In honor of Pvt. Nathan R. Oakes, CSA

150 years ago, my great grandfather, Nathan Richardson Oakes, served as a private in Company D of the distinguished 32nd Mississippi Infantry Regiment in the Army of Tennessee. He participated in the great Civil War campaigns, including the battles of Perryville, Murfreesboro, Chickamauga, Atlanta, Franklin, Nashville, and Bentonville. I am writing about his engagements as well as some details about fighting for the Lost Cause. I hope to honor him and commemorate the events and individuals that contributed to making this a renowned unit in the Confederate Army of Tennessee.

Monday, July 1, 2013

The Tullahoma Campaign concludes, 1863 | Pat Cleburne's Division

On today's date in 1863, while the first shots were being fired on the Gettysburg battlefield in Pennsylvania, Confederate Gen. Braxton Bragg began withdrawing his army from Tullahoma, south across the Elk River, covered by Cleburne's Division. When Union General Thomas learned of Bragg's departure, he immediately occupied the town with a portion of his corps. He sent the rest of his force to cut off Bragg before the Confederates crossed the Elk River. Gen. Benjamin Franklin Cheatham was placed in command of the Confederates' river crossing near Estill Springs, with orders to destroy the road and bridges once the troops were across.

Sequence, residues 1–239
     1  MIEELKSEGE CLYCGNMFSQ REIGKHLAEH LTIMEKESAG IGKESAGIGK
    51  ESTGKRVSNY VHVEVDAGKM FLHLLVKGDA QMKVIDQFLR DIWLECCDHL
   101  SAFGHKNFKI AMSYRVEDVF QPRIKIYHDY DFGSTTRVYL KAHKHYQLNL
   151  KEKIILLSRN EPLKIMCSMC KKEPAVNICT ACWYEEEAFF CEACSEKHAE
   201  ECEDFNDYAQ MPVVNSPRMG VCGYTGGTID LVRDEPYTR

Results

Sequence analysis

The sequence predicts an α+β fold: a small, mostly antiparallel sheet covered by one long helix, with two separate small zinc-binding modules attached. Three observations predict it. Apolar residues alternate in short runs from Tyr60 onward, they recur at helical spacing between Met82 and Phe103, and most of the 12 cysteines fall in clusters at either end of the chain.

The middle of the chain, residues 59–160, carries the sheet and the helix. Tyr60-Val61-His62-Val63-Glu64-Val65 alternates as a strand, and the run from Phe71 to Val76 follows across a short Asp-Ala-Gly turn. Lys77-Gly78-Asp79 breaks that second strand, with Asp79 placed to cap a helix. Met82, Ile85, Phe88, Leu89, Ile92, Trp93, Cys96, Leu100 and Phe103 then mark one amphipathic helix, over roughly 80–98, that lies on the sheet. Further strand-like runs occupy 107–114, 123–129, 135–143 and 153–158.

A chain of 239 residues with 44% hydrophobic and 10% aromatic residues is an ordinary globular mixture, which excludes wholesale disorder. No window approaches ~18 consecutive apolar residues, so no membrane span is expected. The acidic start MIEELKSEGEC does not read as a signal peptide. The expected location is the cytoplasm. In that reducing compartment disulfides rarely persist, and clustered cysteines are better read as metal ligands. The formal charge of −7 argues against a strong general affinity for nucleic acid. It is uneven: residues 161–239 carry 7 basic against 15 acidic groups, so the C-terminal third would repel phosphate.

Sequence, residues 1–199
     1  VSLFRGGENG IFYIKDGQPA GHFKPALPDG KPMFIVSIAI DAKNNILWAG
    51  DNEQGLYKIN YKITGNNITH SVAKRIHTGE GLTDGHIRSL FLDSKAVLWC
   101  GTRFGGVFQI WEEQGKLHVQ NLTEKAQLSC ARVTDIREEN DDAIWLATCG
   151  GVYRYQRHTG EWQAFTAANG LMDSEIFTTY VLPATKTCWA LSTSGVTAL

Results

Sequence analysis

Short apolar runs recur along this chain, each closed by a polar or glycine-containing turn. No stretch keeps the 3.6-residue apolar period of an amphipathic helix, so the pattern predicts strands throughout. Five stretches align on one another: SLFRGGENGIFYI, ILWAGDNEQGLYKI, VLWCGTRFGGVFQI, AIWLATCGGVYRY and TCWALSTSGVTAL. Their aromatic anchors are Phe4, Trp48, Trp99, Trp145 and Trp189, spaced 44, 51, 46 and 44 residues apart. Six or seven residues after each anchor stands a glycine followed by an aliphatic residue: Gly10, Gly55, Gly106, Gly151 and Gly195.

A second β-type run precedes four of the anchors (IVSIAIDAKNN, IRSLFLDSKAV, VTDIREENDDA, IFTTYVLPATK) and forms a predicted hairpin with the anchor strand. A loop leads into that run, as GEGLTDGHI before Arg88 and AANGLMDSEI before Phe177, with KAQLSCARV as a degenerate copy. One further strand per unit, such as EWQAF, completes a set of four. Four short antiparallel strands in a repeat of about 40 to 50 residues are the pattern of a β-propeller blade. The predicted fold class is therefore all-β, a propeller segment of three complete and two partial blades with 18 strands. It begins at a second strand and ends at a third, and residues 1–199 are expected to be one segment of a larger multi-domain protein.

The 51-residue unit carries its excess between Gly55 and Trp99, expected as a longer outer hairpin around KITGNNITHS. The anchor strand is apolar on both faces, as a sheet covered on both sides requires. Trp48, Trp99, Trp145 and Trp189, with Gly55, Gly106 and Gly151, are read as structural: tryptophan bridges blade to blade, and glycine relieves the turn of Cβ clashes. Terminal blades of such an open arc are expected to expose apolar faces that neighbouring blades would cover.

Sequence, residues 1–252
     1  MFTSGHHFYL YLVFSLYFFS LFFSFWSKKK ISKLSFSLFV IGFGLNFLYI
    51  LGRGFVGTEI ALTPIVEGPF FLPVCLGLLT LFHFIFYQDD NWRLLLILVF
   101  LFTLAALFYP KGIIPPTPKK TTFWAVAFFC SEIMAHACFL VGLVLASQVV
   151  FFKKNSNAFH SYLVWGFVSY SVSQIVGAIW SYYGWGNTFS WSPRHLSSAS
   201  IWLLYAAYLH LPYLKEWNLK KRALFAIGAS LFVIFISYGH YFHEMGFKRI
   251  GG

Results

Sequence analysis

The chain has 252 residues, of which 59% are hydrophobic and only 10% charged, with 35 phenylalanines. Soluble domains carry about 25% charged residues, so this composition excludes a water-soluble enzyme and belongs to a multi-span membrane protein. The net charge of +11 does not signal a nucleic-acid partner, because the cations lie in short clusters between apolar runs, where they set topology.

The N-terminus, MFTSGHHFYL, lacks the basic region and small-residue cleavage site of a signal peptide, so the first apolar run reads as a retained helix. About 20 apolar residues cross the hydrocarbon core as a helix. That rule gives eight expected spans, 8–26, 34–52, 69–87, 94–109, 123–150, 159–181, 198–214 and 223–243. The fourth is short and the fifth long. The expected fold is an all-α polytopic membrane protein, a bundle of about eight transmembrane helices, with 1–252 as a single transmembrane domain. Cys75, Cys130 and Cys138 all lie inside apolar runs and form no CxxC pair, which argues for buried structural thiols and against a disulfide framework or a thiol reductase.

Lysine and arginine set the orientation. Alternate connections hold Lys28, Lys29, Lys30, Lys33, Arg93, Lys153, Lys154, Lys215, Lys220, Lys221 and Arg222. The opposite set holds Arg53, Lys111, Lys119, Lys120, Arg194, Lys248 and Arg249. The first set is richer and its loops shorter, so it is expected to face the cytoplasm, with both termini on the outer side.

On July 2nd, Union Gen. Crittenden's corps moved down the Hillsboro road from Manchester. After a some skirmishing with Confederate cavalry, Crittenden was able to force a crossing there. In the meantime, Bragg ordered his army to continue its retreat to Cowan.

Gen. Ivan Turchin's division made a second Federal attempt at Morris Ferry to stop Bragg's army crossing the Elk River. His advance was forced back by the 51st Alabama Cavalry, the 25th and 26th Tennessee Infantry, and Darden's Battery. The Federals then advanced on Decherd, but arrived too late to prevent the Confederates from crossing there.